As described in the water management credits, CSU has a number of natural buffer systems, and works with storm water runoff and wetlands remediation projects to address concerns for the natural hydrology of the campus. CSU’s stormwater permit and building standards require incorporation of permanent stormwater Best Management Practices (BMPs) for stormwater treatment at new buildings and building additions. BMPs such as constructed wetlands, bioswales, raingardens, and other BMPs are required for stormwater filtration, and promote stormwater infiltration, which better mimics predevelopment conditions. We include native plantings and seed mixes in lieu of sod in BMPs wherever possible. In addition, we require stormwater detention to match the 2-year pre-developed condition for all new buildings and additions within a stormwater IGA area, which encompasses our Main and South campuses in Fort Collins. CSU minimizes the use of potable water for irrigation by using untreated raw water for the vast majority of our irrigation needs.

A brief description of the institution's approach to materials management and waste minimization (e.g. composting and/or mulching on-site waste):

Green waste on campus is composted as part of a campus-wide composting program. This green waste is combined with food waste from residence halls. The resulting product is used in all new construction on campus as part of landscape installations. Additionally, the campus grinds our own trees and limbs, using it as mulch—1,600 cubic yards in 2016. All grass clippings typically remain on the ground as compost. Leaves are typically mulched back into the turf.

A brief description of the institution's approach to energy-efficient landscape design:

CSU waters their landscape almost exclusively with raw (untreated) water. Using this less processed resource not only saves the university money, but also reduces energy use associated with water use because no energy or chemicals are used to treat the water.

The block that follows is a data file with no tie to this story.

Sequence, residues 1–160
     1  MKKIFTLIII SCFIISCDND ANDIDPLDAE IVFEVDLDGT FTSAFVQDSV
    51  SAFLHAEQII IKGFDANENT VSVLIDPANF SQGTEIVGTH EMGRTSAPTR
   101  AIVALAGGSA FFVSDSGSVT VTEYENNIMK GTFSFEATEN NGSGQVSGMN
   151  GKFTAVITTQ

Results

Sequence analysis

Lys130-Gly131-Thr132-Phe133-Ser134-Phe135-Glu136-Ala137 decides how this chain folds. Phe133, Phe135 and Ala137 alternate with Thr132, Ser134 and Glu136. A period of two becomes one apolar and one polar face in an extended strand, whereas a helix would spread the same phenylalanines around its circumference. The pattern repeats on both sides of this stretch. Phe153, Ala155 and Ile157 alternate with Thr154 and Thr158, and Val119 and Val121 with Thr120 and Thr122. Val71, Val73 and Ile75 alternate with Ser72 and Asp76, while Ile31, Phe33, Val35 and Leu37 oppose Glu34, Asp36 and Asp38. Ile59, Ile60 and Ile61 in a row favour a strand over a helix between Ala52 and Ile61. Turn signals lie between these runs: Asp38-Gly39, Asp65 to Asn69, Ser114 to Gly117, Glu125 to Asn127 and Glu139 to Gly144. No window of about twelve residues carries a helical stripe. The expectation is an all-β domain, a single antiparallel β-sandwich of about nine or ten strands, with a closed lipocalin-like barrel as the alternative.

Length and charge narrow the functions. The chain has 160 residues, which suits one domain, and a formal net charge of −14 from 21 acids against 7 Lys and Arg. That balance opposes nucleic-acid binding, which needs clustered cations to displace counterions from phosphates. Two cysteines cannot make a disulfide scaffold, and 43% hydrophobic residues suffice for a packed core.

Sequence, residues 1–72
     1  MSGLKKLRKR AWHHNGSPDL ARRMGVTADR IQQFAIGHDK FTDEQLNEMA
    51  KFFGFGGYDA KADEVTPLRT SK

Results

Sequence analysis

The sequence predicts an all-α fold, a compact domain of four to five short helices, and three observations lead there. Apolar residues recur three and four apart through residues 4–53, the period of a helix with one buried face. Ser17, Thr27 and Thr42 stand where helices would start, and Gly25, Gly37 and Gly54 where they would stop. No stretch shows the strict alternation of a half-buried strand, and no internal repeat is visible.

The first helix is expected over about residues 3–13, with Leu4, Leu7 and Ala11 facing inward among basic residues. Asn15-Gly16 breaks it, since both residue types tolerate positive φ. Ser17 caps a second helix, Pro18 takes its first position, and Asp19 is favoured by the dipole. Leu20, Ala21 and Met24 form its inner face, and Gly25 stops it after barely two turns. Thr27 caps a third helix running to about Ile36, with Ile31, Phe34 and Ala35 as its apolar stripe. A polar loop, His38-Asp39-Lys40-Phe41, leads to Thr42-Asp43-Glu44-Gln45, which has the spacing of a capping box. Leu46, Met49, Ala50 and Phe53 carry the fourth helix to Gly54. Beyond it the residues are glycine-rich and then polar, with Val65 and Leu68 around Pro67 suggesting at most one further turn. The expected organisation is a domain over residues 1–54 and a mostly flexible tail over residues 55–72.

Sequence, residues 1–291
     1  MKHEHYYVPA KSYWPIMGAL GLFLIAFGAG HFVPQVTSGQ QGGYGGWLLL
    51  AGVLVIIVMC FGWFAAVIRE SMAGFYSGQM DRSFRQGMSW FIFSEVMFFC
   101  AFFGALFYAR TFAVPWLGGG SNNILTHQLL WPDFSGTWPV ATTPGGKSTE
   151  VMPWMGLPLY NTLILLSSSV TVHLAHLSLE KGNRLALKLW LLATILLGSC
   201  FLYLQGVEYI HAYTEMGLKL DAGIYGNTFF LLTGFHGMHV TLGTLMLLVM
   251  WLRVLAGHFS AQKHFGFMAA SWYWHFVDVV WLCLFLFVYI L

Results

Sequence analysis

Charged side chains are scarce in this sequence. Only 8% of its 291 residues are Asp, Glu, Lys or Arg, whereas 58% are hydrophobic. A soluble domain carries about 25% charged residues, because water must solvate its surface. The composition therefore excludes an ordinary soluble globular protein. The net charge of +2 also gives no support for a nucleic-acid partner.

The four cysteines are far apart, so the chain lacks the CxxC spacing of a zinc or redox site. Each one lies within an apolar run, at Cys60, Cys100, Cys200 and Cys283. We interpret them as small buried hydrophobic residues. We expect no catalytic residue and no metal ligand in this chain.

Tree placement related to new construction considers shading of buildings to reduce energy use. Landscape standards call for the full stocking of tree canopy to maximize shading of the landscape, including hardscapes.

A brief description of other sustainable landscape management practices employed by the institution (e.g. use of environmentally preferable landscaping materials, initiatives to reduce the impacts of ice and snow removal, wildfire prevention):

The vast majority of new projects employ native or adaptive plant materials as part of the landscape design. Permeable pavers are the key paving element in the core pedestrian mall of the University. The implementation of this material has both a storm water quality attribute as well as reducing the need for ice melt because of its thermal mass and inherent abilities to melt the ice/snow, dissipating it quicker. Efforts are made to remove snow from impermeable surfaces and is placed on permeable surfaces. Snow removal is prioritized for bike and pedestrian access. The University has instituted a bike priority snow removal policy in accordance with our Platinum Level Bicycle Friendly University designation by the League of American Cyclists.

In 2010, CSU purchased smaller equipment; able to sand the campus instead of relying solely on ice melt. And in 2013 the university built a contained storage facility for ice melt to prevent exposure to the elements.

The website URL where information about the programs or initiatives is available:
Additional documentation to support the submission:

Note that the acreage listed in this credit does not match the total campus acres listed in the Institutional Characteristics. This is due to the fact that as a land grant university Colorado State has multiple agricultural research facilities. Those farms & ranches are included in the acreage listed under IC2; however since they are not included in this credit concerning "landscape management" the acreage listed here does not include those facilities. The total acreage listed here in OP-10 includes the three main Colorado State campuses in the Fort Collins area (Main, South & Foothills).

The total campus area for CSU is 8,809 acres. However, much of this land is used for agricultural research. Approximately 2,100 acres at the Main, South and Foothills campuses are non-agricultural acreage. Of that acreage only about 700 is irrigated landscape, the remainder is vegetated with native grasses or hardscape/building footprints.